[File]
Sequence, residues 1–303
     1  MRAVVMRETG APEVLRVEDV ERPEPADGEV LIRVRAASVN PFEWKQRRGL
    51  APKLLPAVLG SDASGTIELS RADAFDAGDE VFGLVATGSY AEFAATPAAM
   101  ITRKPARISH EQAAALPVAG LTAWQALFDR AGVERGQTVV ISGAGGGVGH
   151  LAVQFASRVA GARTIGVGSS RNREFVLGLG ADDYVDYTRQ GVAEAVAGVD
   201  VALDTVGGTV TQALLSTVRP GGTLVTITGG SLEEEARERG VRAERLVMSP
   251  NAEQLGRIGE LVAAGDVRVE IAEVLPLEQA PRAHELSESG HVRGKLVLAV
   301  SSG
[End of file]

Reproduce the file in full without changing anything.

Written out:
Sequence, residues 1–303
     1  MRAVVMRETG APEVLRVEDV ERPEPADGEV LIRVRAASVN PFEWKQRRGL
    51  APKLLPAVLG SDASGTIELS RADAFDAGDE VFGLVATGSY AEFAATPAAM
   101  ITRKPARISH EQAAALPVAG LTAWQALFDR AGVERGQTVV ISGAGGGVGH
   151  LAVQFASRVA GARTIGVGSS RNREFVLGLG ADDYVDYTRQ GVAEAVAGVD
   201  VALDTVGGTV TQALLSTVRP GGTLVTITGG SLEEEARERG VRAERLVMSP
   251  NAEQLGRIGE LVAAGDVRVE IAEVLPLEQA PRAHELSESG HVRGKLVLAV
   301  SSG